“And then suddenly all that was gone. They were poor.”
Occurring on the third page of Doctor Zhivago, that sentence tells the reader a great deal about how the novel works. Gaining or losing money—chiefly losing it—was one of the favorite plot resources of the spacious and classic form of the great nineteenth-century novelists: Balzac and Dickens, Tolstoy and Dostoevsky, Hardy and Henry James. It is important in War and Peace that Pierre, whose role in the novel has something in common with that of Yurii Zhivago, inherits the vast Bezukhov fortune, and hence acquires for the purposes of the novel the freedom of action and movement that money in those days could give. Count Rostov, the other hero of War and Peace, has the same sort of fortune toward the end of the novel when he marries the rich Princess Mary. Dostoevsky’s Idiot, Prince Myshkin, is a rich man, and his financial situation sets him apart as much as his spiritual one.
At the beginning of his novel Pasternak deliberately deprives the Zhivago family of its wealth, as a kind of symbolic prelude to the revolution that is to come. Like so much else in the novel it happens as arbitrarily as if in a fairy tale: the rich king suddenly becomes a poor beggar. “There was a Zhivago factory, a Zhivago bank, Zhivago buildings, a Zhivago necktie pin,…and at one time if you said ‘Zhivago’ to your sleigh driver in Moscow, it was as if you had said: ‘Take me to Timbuctoo!’ and he carried you off to a fairy tale kingdom.” This wealth of gold both symbolizes and contrasts with the wealth of life which will be the precious gift and possession of the son, the hero of the novel.
In the world of the fairy story, where there are forests and gold, riches and poverty, sons and daughters, life and death, there is no room for the abstractions of political ideology. These have made a counterworld in which the real world of natural being survives as best it can, instinctively ignoring the horrors that abstraction brings, even though it may be almost wiped out in the rush of “progress.” The name Zhivago is a derivation of the Russian word meaning “life”; and Zhivago, the life-carrier, also bears within him the mortal affliction, a weak heart, which is the natural opposite of his life-bringing powers, themselves symbolized by his poems and by the candle that burns on the table as he writes—“a candle burned on the table, a candle burned.”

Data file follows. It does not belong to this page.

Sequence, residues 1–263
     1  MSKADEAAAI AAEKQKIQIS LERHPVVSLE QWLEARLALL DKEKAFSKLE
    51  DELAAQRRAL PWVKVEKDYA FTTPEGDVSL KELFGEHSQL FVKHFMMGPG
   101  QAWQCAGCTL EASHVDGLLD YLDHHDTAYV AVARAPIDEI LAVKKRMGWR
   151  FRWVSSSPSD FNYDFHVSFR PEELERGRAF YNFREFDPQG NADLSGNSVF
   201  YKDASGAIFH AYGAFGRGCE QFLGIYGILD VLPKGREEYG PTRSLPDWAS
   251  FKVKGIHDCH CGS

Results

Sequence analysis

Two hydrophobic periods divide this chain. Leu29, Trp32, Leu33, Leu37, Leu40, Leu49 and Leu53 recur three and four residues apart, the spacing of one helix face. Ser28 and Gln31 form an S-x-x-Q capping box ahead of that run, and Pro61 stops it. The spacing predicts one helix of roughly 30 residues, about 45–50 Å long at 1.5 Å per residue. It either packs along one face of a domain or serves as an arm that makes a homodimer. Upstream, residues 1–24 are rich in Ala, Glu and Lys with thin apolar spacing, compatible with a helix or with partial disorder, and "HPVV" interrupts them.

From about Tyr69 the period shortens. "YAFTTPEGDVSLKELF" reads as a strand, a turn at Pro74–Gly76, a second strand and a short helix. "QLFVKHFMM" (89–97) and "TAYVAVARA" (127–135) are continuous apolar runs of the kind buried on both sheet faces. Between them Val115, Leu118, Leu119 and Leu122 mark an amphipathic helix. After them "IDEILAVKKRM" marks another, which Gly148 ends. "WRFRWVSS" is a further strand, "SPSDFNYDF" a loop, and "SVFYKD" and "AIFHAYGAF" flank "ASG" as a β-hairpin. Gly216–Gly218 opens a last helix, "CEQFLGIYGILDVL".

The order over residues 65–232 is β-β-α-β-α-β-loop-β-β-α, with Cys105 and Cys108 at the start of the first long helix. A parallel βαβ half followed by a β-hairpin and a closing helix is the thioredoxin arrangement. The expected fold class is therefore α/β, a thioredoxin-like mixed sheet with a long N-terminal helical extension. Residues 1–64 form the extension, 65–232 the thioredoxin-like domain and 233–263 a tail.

At the same time this poetic power of the hero, which is of course that of his creator Pasternak, is also able to fill the book with that richness and minutiae of life which distinguish a great novel by Dickens, say, or Tolstoy, or any other master of the art. How typical that in the passage I quoted about the Zhivagos losing their wealth there should be a reference to a Zhivago necktie pin—a wonderfully grotesque and felicitous touch, reminding us not of fairy tale but of the actual bustling capitalist society of prewar Russia, with its fashionable clothes and champagne parties. Pasternak’s hold on the world of things, so vital to fictional creation, is mesmerizing, authoritative, establishing itself in that first scene with the stationary train and the suicide of Zhivago’s father. “There was a faint stench from the lavatories, not quite dispelled by eau de cologne, and a smell of fried chicken, a little high and wrapped in dirty wax paper”; while the blood on the suicide’s face “did not look like his blood…but like a foreign appendage, a piece of plaster or a splatter of mud or a wet birch leaf.” Pasternak has the remarkable power of conveying the wonderful oddity of objects which is the life force of his poems, like the grass snake that young Dudorov, the terrorist’s son, sees a few pages later: